Anabolic steroids for treating pressure ulcers
The level of evidence is downgraded by study quality (stopping early for benefit), imprecise results and indirectness (mainly male patients)
A Cochrane review 1 included 1 study with a total of 212 subjects. All patients had spinal cord injury and open pressure ulcers classed as stage III and IV. The participants were mainly male (98.2%, 106/108) with a mean age of 58.4 (standard deviation 10.4) years in the oxandrolone group and were all male (100%, 104/104) with a mean age of 57.3 (standard deviation 11.6) years in the placebo group. This trial compared oxandrolone (20 mg/day, administered orally) with a dose of placebo and reported data on complete healing of ulcers and adverse events. There was very low-certainty evidence on the relative effect of oxandrolone on complete ulcer healing at the end of a 24-week treatment period (RR 0.81, 95% CI 0.52 to 1.26).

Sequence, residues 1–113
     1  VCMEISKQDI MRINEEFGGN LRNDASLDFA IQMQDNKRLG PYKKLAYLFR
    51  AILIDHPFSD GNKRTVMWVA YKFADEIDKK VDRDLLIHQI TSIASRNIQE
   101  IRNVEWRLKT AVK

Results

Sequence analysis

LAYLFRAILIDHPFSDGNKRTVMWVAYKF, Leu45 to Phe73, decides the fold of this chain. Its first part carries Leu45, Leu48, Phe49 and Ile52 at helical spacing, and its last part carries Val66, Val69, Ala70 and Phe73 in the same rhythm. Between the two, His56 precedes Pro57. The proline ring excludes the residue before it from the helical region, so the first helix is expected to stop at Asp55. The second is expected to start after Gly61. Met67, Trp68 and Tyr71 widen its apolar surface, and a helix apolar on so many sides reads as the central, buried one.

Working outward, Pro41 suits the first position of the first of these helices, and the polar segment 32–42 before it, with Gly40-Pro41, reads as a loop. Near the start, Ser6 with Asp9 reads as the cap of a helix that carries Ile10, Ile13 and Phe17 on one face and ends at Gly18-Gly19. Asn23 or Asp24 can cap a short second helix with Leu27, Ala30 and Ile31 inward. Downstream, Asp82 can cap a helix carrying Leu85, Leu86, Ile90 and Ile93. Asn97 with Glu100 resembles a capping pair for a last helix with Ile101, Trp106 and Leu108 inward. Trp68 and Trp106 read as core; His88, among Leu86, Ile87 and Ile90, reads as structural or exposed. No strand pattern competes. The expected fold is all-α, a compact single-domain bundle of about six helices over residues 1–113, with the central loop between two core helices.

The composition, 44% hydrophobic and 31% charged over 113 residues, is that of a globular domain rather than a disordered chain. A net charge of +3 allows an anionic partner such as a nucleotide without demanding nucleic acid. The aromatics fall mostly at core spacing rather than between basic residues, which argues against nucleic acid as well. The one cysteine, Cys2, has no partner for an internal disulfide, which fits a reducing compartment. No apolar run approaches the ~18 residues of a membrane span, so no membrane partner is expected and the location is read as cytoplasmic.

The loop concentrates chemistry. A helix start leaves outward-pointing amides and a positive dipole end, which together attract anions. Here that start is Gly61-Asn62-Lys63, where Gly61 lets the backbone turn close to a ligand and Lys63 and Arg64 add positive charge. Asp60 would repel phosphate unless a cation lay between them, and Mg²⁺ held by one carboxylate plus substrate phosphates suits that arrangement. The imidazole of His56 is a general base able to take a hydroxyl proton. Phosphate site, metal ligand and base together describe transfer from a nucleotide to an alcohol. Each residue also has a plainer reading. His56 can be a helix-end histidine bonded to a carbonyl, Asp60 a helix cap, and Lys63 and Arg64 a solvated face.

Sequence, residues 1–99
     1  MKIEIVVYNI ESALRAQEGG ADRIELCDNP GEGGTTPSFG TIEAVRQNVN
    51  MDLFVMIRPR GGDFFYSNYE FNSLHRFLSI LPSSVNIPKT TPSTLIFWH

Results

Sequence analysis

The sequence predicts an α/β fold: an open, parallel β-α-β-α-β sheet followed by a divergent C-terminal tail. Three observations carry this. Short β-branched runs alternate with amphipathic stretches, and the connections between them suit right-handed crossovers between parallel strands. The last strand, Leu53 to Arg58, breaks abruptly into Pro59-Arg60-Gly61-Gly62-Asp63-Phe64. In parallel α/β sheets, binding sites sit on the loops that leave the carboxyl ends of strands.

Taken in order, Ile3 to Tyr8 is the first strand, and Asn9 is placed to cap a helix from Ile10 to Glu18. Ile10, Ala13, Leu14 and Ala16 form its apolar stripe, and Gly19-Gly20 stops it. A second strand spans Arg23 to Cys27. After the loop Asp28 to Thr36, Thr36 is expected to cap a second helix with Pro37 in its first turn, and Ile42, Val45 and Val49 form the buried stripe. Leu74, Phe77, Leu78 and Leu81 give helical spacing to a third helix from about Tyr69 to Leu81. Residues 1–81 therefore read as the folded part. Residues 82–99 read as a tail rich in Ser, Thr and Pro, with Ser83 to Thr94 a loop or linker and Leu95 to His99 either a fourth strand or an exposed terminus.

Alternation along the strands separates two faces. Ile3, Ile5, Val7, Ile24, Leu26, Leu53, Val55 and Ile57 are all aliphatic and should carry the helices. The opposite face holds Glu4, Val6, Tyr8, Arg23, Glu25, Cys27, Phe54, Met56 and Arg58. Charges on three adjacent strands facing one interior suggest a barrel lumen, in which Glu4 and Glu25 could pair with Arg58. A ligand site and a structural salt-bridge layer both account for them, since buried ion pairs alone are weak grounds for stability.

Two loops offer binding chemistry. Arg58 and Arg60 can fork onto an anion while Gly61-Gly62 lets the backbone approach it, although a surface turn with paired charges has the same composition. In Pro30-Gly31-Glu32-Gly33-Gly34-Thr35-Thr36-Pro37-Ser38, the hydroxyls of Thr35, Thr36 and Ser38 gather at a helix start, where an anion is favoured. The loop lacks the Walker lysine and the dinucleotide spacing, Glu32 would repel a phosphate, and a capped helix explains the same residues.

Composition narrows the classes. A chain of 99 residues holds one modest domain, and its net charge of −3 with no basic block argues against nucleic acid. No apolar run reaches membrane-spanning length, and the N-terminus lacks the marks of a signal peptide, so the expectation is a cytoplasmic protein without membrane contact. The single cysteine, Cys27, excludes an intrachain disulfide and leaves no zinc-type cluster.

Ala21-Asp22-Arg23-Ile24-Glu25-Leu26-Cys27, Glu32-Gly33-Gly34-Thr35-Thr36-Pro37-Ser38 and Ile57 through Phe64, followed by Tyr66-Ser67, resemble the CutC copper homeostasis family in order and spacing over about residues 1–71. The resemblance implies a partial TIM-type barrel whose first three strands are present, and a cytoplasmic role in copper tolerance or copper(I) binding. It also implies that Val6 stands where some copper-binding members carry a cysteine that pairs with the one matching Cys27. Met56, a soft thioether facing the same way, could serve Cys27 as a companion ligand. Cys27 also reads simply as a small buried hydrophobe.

The risk of non-serious adverse events reported in participants treated with oxandrolone compared with placebo was slightly elevated (RR 3.85, 95% CI 1.12 to 13.26). The risk ratio of serious adverse events reported in participants treated with oxandrolone compared with placebo was not elevated (RR 0.54, 95% CI 0.25 to 1.17). Of the five serious adverse events reported in the oxandrolone-treated group, none were classed by the trial teams as being related to treatment. Secondary outcomes such as pain, length of hospital stay, change in wound size or wound surface area, incidence of different type of infection, cost of treatment and quality of life were not reported in the included trial.
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